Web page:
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Former Brexit Secretary David Davis has said Brussels will be looking to take Britain down to the wire in trade talks and warned the final three weeks of negotiations will be more important than the last three years. Following the seventh round of talks last week, Mr Barnier said a deal now looked “unlikely” before the October deadline.
Outstanding issues over a level-playing field on trade, fisheries and state aid remained on the table.
Despite the pessimism shown by the EU chief, Mr Davis insists the French europhile will want to see progress made on the EU side before the crucial 11th hour.
Mr Davis said: “Barnier is desperate to resolve his so-called redline issues before we get to the critical endgame.
“I have always said that the last three weeks will matter more than the first three years”.
“But, there will come a time very shortly when we will have to shift the thrust of our preparations towards no deal.”
Following the talks in Brussels, Mr Barnier firmly put the blame towards the UK and said he had seen “no progress whatsoever” on fishing, and reiterated is commitment to a level-playing field to prevent businesses on one side undercutting rivals.
UK chief Brexit negotiator David Frost said he believes a trade deal is still possible but acknowledged “there has been little progress”.
Mr Frost said the EU’s insistence on accepting its terms on state aid and fishing had made an agreement “unnecessarily difficult”.
In a statement, Mr Frost said: “The EU is still insisting not only that we must accept continuity with EU state aid and fisheries policy, but also that this must be agreed before any further substantive work can be done in any other area of the negotiation, including on legal texts.
“This makes it unnecessarily difficult to make progress.
“There are other significant areas which remain to be resolved and, even where there is a broad understanding between negotiators, there is a lot of detail to work through.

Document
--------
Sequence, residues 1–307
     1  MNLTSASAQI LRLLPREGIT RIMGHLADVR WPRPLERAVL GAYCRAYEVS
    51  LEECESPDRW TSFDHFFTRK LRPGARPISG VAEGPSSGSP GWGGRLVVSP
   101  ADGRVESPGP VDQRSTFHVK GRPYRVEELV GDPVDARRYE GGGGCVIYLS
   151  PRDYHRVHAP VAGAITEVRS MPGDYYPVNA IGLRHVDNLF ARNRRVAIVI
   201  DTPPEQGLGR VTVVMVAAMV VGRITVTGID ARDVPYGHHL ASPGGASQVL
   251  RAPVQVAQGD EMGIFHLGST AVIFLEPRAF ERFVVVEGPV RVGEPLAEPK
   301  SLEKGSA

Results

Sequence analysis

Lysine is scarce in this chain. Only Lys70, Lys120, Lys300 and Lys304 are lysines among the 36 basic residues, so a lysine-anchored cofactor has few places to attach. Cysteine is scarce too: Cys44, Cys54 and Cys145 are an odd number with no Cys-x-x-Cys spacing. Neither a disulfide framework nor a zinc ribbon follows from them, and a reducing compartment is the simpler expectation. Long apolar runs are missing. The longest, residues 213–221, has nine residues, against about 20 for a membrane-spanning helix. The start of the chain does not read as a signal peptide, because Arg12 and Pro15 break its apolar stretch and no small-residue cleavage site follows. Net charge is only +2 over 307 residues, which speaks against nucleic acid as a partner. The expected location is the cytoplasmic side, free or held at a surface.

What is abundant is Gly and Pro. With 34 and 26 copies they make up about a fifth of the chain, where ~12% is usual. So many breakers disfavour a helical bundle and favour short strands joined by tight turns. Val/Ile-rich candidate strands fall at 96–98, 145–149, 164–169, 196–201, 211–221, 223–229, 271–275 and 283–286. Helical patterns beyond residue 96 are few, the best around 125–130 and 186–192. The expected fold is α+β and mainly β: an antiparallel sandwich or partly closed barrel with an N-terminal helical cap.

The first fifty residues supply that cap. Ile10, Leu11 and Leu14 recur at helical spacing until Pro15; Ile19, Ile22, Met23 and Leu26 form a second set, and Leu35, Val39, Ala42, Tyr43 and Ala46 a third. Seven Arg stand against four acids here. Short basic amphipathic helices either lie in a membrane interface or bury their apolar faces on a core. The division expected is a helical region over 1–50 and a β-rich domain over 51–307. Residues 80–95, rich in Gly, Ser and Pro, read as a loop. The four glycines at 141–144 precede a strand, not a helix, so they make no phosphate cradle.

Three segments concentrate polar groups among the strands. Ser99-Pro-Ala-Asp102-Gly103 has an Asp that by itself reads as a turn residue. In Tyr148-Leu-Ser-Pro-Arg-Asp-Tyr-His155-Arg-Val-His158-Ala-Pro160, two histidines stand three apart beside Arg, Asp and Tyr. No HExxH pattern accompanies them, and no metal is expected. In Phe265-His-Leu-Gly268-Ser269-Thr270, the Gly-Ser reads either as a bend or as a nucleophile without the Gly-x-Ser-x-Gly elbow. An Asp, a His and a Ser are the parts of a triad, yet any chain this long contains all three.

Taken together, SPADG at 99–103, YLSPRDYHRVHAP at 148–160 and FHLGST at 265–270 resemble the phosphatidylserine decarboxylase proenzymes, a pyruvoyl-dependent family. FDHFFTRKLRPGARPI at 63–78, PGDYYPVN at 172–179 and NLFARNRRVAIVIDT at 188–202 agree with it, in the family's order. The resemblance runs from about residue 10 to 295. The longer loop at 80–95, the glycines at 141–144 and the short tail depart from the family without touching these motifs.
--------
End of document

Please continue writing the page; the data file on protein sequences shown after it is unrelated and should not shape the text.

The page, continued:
“Time is short for both sides.”
Mr Davis warned a no deal outcome at the end of the Brexit transition period would harm the bloc more than the UK.
He said the scenario would mean businesses in the EU would lose access to financial markets, European fishermen would be denied access to UK fishing waters, and the EU would no longer be entitled to funding agreed in the Withdrawal Agreement.
Mr Davis was also full of praise for Boris Johnson’s chief negotiator for not backing down to the EU.
As a result of the continued stalemate, Mr Davis said there was now only two possibilities remaining – a no deal exit or a zero-tariff agreement.
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Writing in The Sun, he said: “David Frost, our Brexit negotiator, is doing a good job. He has been clear on our ‘red lines’. Unlike the EU ‘red lines’, these are not just ideas made up by the Government, they are the direct outcome of the referendum.
“As such, they represent the people’s decision, and are not subject to concession.
“We are not going to allow Brussels to decide our laws – which is what Barnier means by a level-playing field. So it is time that the Europeans woke up to the realities.
“It is clear that there are only two options now for leaving at the end of the transition period, a no deal exit or a zero-tariff deal. All sensible business owners will be preparing for both.”
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